Three weeks after admission to a maternity hospital for observation following minor antepartum haemorrhage, a primiparous patient aged 22 suffered a sudden left hemiplegia and became comatose. Congestive cardiac failure ensued and because of the subsequent severe hypoxaemia she was transferred to the hyperbaric oxygen unit at the Western Infirmary, Glasgow, where it was found possible to improve her condition by means of oxygen at increased pressure. A caesarean section was w successfully performed in the hyperbaric chamber, and a normal live female infant was delivered. Though the patient’s general condition improved she never regained consciousness and died almost three months later. Necropsy confirmed the clinical diagnosis of cardiomyopathy of pregnancy with severe ischaemic changes in the brain.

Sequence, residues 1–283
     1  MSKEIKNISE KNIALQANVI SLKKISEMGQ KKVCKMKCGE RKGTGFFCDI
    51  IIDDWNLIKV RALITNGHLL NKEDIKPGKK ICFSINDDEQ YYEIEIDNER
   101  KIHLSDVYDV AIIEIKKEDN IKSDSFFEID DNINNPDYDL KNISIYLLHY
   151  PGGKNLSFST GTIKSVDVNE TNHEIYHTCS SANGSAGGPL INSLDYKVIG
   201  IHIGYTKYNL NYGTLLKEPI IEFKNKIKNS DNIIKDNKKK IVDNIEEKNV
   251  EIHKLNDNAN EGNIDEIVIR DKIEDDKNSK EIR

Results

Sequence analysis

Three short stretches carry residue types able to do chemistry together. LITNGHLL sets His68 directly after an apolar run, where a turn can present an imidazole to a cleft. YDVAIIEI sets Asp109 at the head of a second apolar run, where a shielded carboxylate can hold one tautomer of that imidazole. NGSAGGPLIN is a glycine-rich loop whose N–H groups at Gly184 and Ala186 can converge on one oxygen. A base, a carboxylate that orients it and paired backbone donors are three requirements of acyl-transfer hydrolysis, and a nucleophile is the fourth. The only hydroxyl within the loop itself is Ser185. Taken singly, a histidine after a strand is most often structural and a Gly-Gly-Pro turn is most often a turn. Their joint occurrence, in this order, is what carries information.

Ledingham, McBride, Jennett, Adams, , , , , (1968). Fatal brain damage associated with cardiomyopathy of pregnancy, with notes on Caesarean section in a hyperbaric chamber. British medical journal, 1968 Nov;4(5626):285-7. https://www.ncbi.nlm.nih.gov/pubmed/5693910